When I started this blog, I decided to call it Chestnuts and Truffles because these are the two major local products here in this corner of Tuscany. In fact the name Marrone di Caprese Michelangelo, (marrone being a cultivated chestnut) is protected in Italy with a DOP status. I could easily have called it Chestnuts and Mushrooms, or Chestnuts and Wild Boar, because those things are in abundance here too: but I also had in mind a signature soup recipe that I developed a while back and which I am going to share with you today.
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Italians like their recipes and ingredients to have an origin. Knowing where something comes from give a sense of tradition and authority very important in Italian cuisine. Thus salsa amatriciana comes from the town of Amatrice, parmigiano-reggiano, is named for the twin provinces of Parma and Reggio d’Emilia, and risotto alla Milanese, comes from the city of Venice. OK, I’m joking there since it obviously comes from Milan but you get the point.
At 43 degrees north, 650 meters above sea-level, and almost perfectly halfway between the two Italian coasts, Caprese Michelangelo enjoys four, very distinct seasons. So, after one of the hottest summers on record, we are now halfway through autumn and preparing for, perhaps, two weeks of forced hibernation, when the snows come in January.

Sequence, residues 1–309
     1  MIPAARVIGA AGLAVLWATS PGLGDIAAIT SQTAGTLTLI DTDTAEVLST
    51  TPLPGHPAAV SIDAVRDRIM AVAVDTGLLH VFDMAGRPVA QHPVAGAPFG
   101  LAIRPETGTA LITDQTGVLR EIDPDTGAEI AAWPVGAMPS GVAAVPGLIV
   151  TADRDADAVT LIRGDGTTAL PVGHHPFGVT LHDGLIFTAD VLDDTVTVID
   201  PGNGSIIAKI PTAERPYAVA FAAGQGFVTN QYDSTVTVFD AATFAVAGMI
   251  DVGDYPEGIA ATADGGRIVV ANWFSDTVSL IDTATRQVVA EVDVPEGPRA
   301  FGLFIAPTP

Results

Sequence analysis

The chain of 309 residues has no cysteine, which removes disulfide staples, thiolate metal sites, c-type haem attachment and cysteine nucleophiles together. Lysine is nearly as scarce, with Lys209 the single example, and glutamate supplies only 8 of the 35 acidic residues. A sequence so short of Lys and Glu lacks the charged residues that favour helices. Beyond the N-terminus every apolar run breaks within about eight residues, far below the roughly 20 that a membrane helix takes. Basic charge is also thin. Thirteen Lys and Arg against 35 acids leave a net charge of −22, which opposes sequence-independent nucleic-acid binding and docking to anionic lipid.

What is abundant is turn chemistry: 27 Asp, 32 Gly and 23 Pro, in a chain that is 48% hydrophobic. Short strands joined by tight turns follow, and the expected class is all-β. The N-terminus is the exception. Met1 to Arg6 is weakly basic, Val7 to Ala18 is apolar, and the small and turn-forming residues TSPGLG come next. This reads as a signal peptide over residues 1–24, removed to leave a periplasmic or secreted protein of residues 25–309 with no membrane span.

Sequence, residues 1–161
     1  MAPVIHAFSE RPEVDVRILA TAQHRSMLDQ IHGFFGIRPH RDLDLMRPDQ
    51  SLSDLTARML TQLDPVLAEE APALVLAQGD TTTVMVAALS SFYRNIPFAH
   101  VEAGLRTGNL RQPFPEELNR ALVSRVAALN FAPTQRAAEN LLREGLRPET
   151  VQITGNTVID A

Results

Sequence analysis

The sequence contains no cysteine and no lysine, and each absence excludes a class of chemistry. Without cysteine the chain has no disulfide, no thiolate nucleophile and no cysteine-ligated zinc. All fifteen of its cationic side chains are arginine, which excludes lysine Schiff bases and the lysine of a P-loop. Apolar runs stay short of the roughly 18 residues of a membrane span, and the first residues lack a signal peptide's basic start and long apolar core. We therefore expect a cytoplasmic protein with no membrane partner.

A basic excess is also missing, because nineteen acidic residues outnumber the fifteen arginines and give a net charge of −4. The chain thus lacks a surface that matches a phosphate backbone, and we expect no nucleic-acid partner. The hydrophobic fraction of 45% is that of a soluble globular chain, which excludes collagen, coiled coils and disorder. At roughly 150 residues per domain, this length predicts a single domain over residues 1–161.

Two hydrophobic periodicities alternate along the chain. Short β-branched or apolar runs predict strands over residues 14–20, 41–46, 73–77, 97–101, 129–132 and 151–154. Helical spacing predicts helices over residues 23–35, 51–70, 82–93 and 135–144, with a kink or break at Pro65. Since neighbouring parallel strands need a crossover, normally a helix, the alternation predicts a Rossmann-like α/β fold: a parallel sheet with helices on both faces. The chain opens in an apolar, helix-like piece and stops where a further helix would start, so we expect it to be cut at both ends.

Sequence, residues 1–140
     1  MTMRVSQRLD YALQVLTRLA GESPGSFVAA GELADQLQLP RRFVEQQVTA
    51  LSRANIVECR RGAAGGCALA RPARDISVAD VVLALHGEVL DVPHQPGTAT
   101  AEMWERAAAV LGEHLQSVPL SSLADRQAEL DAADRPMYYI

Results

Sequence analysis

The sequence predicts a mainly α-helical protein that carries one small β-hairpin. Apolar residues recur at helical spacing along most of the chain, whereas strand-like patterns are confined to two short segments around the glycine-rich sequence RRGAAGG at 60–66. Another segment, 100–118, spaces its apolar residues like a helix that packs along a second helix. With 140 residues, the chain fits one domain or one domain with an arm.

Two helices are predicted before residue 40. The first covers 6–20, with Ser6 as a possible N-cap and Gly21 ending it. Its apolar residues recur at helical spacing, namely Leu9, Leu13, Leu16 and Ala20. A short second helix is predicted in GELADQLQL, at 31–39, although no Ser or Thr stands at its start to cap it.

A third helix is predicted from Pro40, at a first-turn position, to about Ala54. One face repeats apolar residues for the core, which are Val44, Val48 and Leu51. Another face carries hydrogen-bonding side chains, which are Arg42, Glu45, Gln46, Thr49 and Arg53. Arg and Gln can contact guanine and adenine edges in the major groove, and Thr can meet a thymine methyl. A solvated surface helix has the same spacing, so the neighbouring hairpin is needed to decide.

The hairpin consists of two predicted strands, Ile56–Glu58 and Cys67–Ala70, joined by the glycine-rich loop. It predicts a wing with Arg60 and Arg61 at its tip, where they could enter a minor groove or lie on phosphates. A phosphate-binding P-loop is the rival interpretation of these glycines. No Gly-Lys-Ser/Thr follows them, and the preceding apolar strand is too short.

Crostata ai fichi:
An Italian friend once told me there are certain things you just don’t buy. One of them is tomatoes and another is figs. No matter where in Italy you live, some friend or neighbour will be growing them in their garden, and at this time of year people happily swap, or give away, the excess. So far, this year, I’ve been presented with two crates of tomatoes—for homemade passata—a huge crate of potatoes, and copious baskets of figs. We grow tomatoes and potatoes as well as delicious blackberries, but don’t have a fig tree, so thank providence for a very good friend who does.
One of the things I miss most from my travels in the USA is the gourmet burger. And they are quite difficult to knock up at home. Here in mainland Europe, it’s impossible to find good burger buns. The ones sold in the shops here are weird, dry, flaky things that fall to pieces the moment you try to place anything on them. If you make a burger using them, most of the bun is still on the plate at the end.
So, I’ve been thinking for a while of developing a mash-up recipe. Taking the concept of a gourmet burger, but making it using all the ingredients and flavours of Tuscany. And so, ladies and gentlemen, I present to you … Tuscan Burger #1.